I’ve made it my mission to explicitly teach my kids how to find good evidence to support their points in literary analysis. In my last post, I wrote about how I had students focus on finding evidence to support claims they made about one section of the book. The strategy in this post is one that shows them how to collect evidence as they read the whole text.
We’re reading To Kill a Mockingbird, and there are several themes I want the kids to track as they read. I created some posters that represent these themes and printed them on colorful paper. I want them to be very visible in the classroom, so the kids have them as a visual reminder as they read. I adhered them horizontally to a piece of ledger paper to create the poster. They won’t look like the finished product for awhile, because it’s going to get pretty messy first!
After the kids had read their first chunk of the book (chapters one – four), I asked them to brainstorm all of the lessons they (and the Finch kids) had learned. With just a little prodding, they came up with the same ones I had. I assigned one lesson to each group and had them brainstorm good evidence to support it.
Next, I gave each group a pile of sticky notes and instructed them to put one piece of evidence or a quote on each one. As they worked, I was putting the posters up throughout the room. When they finished, they put their stickies on the appropriate poster. At this point, we didn’t discuss or evaluate any of the evidence.
The next day, after they had discussed another chunk of the novel, I passed out the stickies again, and instructed them to write down any evidence they could add to the posters. I didn’t assign anything to anyone; they could choose whichever ones they wanted.
At this point, I explained to them that we would continue to add evidence to the posters until we were a third of the way through the text. When that happens, I will assign each group a poster and they will start sifting through the stickies. They will decide which ones overlap and which ones don’t really relate. Stickies that don’t belong will be removed and the ones that make the cut will be organized. We will repeat this process two more times until we have lots of great evidence at the end of the novel.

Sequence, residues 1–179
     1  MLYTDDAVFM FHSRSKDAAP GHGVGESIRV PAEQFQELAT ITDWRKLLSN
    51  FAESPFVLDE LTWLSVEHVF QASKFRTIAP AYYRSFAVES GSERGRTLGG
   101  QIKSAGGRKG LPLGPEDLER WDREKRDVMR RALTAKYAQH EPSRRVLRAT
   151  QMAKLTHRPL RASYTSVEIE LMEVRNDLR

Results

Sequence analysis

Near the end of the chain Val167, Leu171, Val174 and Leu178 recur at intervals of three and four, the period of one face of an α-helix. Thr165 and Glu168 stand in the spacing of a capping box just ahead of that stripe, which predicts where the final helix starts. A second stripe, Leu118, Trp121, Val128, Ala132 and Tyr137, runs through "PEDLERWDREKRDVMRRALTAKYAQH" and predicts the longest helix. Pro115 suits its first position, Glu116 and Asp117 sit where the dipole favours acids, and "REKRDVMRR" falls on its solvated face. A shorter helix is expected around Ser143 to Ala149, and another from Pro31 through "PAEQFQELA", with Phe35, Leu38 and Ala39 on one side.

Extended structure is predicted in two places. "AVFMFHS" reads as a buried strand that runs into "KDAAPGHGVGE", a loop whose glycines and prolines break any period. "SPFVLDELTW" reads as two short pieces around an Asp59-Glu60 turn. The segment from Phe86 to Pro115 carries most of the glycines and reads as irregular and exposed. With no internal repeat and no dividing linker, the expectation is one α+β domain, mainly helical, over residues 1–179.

I spend some time during this process explaining to the kids that it’s ok to record evidence even if they are unsure if it is good or not, because we are just exploring as we read. In fact, we won’t really know how everything works together until the end of the novel. We also discuss the fact that evidence can be used for multiple topics.
Once we finish, I will assign a poster to each group
and they will review all of the information on the stickies, and narrow it down to the best six best pieces of evidence. I will type the quotes and comments up and print them on stickies to adhere to the poster, so the final copy is clear and easy to read. Why six? Well, mostly because that’s the number that fits on the paper! However, if the kids can make a case for more, we’ll post them on the side.
How will we use these posters? There are so many possibilities! First of all, I will have each group do an informal presentation to the rest of the class, explaining how the evidence supports the theme. Alternatively, we could do a gallery walk, with one person from the group assigned to each poster to explain their rationale. After, the posters will stay on the walls until the kids finish their final writing assignments. They can use them as reference at any time during the process.
If you’d like to use them, you can grab my TKAM posters here. You can also check out my other materials for the novel here.
Your ideas and lessons are always so amazing! Thank you so much for being such a huge inspiration and helping me learn and grow as an educator. These posters are fantastic and this would be awesome to do while reading Romeo and Juliet! Thank you for the freebies – I love the IG activity and presentation lesson from the newsletter! I can't wait to use it! 🙂
Room 213 says
You are so welcome, Tara!!
Lakeview Lit Club says
This would be so helpful for Lord of the Flies as we track symbols to determine Golding’s allegorical message.
What a great idea! I’d love to try something similar with Julius Caesar…
Room 213 says
It would work perfectly!
Room 213 says
Try it – you'll love it!
Miss B says
Thank you so much, this will really help my tired and under engaged Year 10 with TKAM. They love collaborative work.
Room 213 says